Last year, the state’s Office of Retirement Services testified against a plan that would offer new employees in the school retirement system 401(k)-style benefits. The office claimed that shifting employees would require increased costs in order to follow industry best practices. But state officials are already ignoring a large number of best practices when it suits them.
In a memo on the issue, the state’s actuaries note that the Government Finance Officers Association recommends, “[F]or plans that are closed plans that still have active members, the continued use of a level percent of member compensation remains appropriate, but not for a long period (i.e. as the number of active members decreases).”
Given that the state is paying off the retirement system’s unfunded liabilities over the next 22 years, this seems to imply that it ought to pay more of the costs upfront. But this isn’t the only best practice that the organization recommends. The report includes a number of practices that the state has ignored. These include:
The actuarially determined contribution should be calculated in a manner that fully funds the long-term costs of promised benefits while balancing the goals of 1) keeping contributions relatively stable and 2) equitably allocating the costs over the employees’ period of active service.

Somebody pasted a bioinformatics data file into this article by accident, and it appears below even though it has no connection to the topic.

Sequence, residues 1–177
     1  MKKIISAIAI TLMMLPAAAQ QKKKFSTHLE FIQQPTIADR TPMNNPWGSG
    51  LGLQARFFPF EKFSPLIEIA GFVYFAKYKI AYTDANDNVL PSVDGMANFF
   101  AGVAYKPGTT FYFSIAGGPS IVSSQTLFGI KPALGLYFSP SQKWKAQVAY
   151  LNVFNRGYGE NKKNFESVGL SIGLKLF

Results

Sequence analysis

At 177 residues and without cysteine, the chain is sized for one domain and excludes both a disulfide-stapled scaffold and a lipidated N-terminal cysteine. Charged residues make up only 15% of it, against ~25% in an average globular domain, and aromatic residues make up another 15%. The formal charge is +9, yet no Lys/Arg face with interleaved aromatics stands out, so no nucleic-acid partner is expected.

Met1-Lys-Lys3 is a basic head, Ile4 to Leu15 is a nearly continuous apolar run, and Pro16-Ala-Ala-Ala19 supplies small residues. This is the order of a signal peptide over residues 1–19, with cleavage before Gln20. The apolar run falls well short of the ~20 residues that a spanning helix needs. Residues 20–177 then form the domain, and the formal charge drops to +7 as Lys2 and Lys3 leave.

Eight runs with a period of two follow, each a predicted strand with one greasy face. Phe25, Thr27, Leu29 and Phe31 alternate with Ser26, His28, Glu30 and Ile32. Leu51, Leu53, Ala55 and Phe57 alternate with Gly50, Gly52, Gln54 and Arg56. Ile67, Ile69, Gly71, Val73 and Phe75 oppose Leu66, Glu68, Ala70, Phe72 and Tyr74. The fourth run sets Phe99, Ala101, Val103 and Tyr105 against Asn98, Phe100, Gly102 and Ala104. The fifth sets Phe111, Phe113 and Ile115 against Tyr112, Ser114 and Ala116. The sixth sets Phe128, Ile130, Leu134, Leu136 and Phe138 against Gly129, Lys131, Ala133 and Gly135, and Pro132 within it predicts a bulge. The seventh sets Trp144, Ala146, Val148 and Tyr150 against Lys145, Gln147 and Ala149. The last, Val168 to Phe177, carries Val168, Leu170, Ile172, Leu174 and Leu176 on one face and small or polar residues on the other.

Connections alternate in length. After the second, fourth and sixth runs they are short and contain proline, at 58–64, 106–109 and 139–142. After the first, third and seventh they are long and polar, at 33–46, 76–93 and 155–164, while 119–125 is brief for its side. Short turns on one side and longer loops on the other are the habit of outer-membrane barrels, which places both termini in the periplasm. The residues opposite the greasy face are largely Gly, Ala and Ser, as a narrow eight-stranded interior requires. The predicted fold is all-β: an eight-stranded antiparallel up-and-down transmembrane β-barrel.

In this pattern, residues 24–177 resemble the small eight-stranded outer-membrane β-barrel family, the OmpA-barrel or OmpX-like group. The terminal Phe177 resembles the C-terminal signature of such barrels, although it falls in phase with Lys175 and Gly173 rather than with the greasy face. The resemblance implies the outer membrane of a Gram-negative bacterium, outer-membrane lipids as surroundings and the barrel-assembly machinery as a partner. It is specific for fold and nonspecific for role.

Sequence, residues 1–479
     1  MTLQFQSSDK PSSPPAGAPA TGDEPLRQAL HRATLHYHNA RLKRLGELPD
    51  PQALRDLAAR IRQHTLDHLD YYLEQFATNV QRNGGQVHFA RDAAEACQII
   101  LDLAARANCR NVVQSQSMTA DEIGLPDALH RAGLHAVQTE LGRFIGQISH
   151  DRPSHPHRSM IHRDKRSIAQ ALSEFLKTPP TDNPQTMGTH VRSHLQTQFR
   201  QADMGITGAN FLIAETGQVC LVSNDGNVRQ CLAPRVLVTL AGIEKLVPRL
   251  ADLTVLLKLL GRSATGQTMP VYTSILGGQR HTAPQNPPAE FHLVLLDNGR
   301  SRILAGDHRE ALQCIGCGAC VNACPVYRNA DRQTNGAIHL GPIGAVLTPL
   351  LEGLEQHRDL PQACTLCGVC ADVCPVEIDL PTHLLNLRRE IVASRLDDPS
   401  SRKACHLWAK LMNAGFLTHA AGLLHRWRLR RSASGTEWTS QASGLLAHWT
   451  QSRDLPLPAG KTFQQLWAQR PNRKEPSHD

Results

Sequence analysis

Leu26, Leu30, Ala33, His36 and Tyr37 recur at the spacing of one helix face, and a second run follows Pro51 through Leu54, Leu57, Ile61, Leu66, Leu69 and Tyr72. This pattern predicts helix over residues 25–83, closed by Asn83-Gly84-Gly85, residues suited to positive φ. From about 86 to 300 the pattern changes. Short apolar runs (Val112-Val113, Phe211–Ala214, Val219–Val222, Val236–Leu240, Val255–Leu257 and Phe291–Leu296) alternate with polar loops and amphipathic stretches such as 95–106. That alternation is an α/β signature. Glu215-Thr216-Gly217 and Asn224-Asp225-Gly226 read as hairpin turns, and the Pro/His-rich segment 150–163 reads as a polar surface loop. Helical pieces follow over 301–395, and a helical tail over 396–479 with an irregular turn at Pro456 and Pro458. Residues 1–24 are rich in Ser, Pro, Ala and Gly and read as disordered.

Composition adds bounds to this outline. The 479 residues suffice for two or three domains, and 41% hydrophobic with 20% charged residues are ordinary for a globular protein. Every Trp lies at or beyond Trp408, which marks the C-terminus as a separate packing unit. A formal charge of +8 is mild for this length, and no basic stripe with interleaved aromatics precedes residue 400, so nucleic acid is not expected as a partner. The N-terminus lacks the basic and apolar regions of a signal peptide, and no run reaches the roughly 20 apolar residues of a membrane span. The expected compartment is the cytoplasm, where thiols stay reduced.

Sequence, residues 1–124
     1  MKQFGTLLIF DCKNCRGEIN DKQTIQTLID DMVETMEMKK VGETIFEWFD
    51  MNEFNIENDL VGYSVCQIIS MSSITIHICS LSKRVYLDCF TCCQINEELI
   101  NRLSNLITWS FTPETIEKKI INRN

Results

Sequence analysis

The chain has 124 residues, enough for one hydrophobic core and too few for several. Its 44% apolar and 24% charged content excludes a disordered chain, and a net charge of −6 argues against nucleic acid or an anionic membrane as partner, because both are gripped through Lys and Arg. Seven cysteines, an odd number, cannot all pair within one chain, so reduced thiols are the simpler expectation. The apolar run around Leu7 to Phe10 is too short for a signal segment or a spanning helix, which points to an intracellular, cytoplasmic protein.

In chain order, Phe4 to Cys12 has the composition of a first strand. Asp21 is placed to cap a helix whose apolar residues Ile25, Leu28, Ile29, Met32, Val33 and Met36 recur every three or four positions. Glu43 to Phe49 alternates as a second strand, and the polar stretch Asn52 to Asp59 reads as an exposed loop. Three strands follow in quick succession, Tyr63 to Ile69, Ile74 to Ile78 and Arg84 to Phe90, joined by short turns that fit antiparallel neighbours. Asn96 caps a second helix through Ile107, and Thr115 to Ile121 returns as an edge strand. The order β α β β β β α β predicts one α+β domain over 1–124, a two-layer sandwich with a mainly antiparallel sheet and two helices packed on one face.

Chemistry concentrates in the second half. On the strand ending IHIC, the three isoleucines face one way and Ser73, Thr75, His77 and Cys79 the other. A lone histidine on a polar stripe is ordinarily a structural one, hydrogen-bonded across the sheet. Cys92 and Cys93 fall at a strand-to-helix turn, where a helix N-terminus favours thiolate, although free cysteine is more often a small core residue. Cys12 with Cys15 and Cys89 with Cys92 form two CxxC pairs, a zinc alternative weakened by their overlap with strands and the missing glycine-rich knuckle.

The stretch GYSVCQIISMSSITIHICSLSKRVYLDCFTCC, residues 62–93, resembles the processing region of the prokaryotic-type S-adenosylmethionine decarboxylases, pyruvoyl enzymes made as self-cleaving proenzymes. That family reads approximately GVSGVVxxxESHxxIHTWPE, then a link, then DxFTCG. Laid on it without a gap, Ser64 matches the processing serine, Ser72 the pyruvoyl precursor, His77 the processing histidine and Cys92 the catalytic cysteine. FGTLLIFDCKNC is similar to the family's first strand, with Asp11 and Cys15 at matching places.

ORS is not doing this for the school retirement system. Contribution rates have not been stable and the costs of service are spread beyond employees’ working years. Contribution rates have steadily increased between 2000 and now, going from 12 percent up to 37 percent.
The average employee in the system is 46 years old, but the state is paying off unfunded liabilities over the next 22 years. This means that costs would be spread over the working lifetimes of the current workforce if its members worked until they were 68. But they won’t: The state assumes that most employees will retire when they are between 57 and 62. In other words, the state is taking longer to pay off the costs of retirement than industry best practices recommend.
This is not the only best practice that the state ignores. The association of finance officials further recommends:
Every government employer that offers defined benefit pensions or other post-employment benefits should make a commitment to fund the full amount of the ADC each period.
In contrast, Michigan has put in less than the actuarially determined calculations in 7 out of the past 10 years and 20 out of the past 29. Sometimes this is due to decisions made directly by policymakers, and those overseeing the pension system do little to influence lawmakers violating these best practices.
The method used for asset smoothing should: Be unbiased relative to market. For example: The same smoothing period should be used for both gains and losses[.]
The state reset its 5-year smoothing of pension assets in 2007 so it could put fewer dollars into the pension system that year. It did the same in 1997.
Amortization of the unfunded actuarial accrued liability should: Use fixed (closed) periods that … never exceed 25 years, but ideally fall in the 15-20 year range.
Michigan’s current schedule pays unfunded liabilities off over 22 years, which is a little above the recommendation. But when the state adopted this schedule in 1996, it was a 40-year schedule.
The evidence is clear: The state’s Office of Retirement Services ignores or claims best practices when it suits its interests. That attitude is why Michigan’s pension systems are tens of billions of dollars in debt.
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